Imagine a day in which an entire community comes together to create something beautiful and artistic that lasts just a few hours. The Pitigliano infiorata fits this description.
The infiorata, literally “flowering” of a town, takes place traditionally for Corpus Domini, 60 days after Easter. We happened to be at our home in Sticciano this weekend when Georgette, my friend who was visiting, remembered reading about the infiorata taking place today in Pitigliano (where I’ve already had a few very pleasant visits). Although the tufa town is a good 1.5 hours away from our stomping grounds in the “upper” area of Maremma, we decided it was worth the drive. I’m glad we did.
We arrived mid morning and found people working in the bright sunlight to lay down blocks of colourful material within bold patterns or figurative representations. I noticed right away that flowers did not make up the bulk of the art, and spotted buckets of the colours used off to one side, so asked two ladies about their work.
“Are you all artists, professionals who come to do this?” I ask them. The woman smiles. “No, we are Pitiglianese!” she says. “The only real artist is her…” gesturing to a lady in a pink tank top who is tackling the figure of Adam in a floral copy of Michelangelo’s Creation from the Sistine Chapel.
I learned that the citizens of Pitigliano all pitch in on this event. In the days leading up to Corpus Domini, they clean the streets, gather and make coloured materials, and draw outlines with chalk on the road or create more complex cartoons on paper on which the material will be laid. The colours are mostly dyed woodchips, though where possible, naturally occurring colours are used, like coffee grinds, rosemary, or salt. All the materials are organic, though, my informant is careful to point out.
As we wind our way through the streets, through the Jewish Ghetto, and in the area near the Duomo, we see people young and old, hippies, little girls, old men… all hunched over and hard at work.
Some children work, others spray the compositions to keep them from blowing away in the wind, like this boy scout I photographed.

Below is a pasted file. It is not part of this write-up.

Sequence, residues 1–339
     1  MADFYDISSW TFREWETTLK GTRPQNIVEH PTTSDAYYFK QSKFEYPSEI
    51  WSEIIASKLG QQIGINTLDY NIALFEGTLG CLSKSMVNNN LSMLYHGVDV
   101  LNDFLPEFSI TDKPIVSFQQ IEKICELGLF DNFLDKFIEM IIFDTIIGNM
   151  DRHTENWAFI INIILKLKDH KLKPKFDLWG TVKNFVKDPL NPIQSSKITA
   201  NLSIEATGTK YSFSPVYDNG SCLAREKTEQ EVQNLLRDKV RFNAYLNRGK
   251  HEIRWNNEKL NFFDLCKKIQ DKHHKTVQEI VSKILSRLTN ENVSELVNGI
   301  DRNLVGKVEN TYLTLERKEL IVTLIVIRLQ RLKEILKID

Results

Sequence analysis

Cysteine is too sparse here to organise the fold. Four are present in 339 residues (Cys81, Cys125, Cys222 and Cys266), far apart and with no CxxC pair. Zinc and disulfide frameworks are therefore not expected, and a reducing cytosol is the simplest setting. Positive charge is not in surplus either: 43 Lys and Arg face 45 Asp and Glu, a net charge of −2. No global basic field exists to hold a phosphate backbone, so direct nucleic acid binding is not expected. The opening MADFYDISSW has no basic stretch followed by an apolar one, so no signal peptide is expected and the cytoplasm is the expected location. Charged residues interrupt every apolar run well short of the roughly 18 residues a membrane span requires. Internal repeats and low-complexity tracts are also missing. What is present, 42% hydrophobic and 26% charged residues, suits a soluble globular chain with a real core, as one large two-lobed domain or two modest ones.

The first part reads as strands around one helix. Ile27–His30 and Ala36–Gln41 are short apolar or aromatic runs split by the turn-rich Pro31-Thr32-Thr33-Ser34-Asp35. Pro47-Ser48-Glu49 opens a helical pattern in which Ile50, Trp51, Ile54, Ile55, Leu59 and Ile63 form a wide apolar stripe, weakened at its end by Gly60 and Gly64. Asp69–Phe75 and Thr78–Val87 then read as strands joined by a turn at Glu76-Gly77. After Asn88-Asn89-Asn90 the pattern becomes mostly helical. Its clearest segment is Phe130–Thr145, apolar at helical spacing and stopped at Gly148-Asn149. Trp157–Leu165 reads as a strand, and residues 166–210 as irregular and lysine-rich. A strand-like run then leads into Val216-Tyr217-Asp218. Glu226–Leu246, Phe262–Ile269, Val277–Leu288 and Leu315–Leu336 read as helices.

Others still participate by observing, providing refreshments or advice.
There is friendly banter in the air, although as the afternoon wears on, I hear one lady singing about her sore back. One thinks of Michelangelo and the Sistine Ceiling, and how he, too, complained about his sore back… the ladies we met at the entrance to the town would finish their Creation scene just minutes before the 5pm procession.
All this work is done in order to welcome the sacred host, which comes out of the Duomo and is processed through the town on Corpus Domini.
This feast day was declared after a miracle that happened in Bolsena in the 13th century. The Mass at Bolsena is represented by Raphael in the Stanza della Segnatura, not far from Sistine Chapel. In this event that took place in 1263, a German priest who doubted the miracle of transubstantiation was converted when the host, the central element of the Christian mass, bled. Evidence was brought to the Pope who happened to be at the Cathedral of Orvieto at that moment, and Pope Urban IV declared it a miracle and instituted the feast day.
In Pitigliano, the host will be processed at 5pm by the priest and the Bishop, and the point is to welcome it with appropriate pomp, splendour and beauty. The tradition dates back to the 17th century, actually. What’s most surprising is that the procession goes right over the bed of carefully laid flowers and decorations. A whole day’s hard work, gone in just a moment.
After the procession, children and spectators can walk on the decorations, and soon after, they are swept up.
Where to see an infiorata in Tuscany
Various towns in Italy hold an infiorata. Some of the most famous are in Bolsena (where the feast of the Corpus Domini originated) and Spello in Umbria. In Tuscany, I have done some research and found infiorate in Pitigliano, Scarperia, Fucecchio, Cetona, Cutigliano, Magliano, Cerreto Guidi, and Turritecava (Gallicano) in the Garfagnana area.
Pitigliano is located in southern Tuscany, in the Maremma area. It is reached by taking the Albinia exit from the Aurelia superstrada below Grosseto, and then driving inland past Manciano. There is free (white lines) or metered parking (blue lines) along the city’s side streets. For lunch I recommend the Corte del Ceccottino (reviewed here) or the related Ceccottino restaurant (same ownership).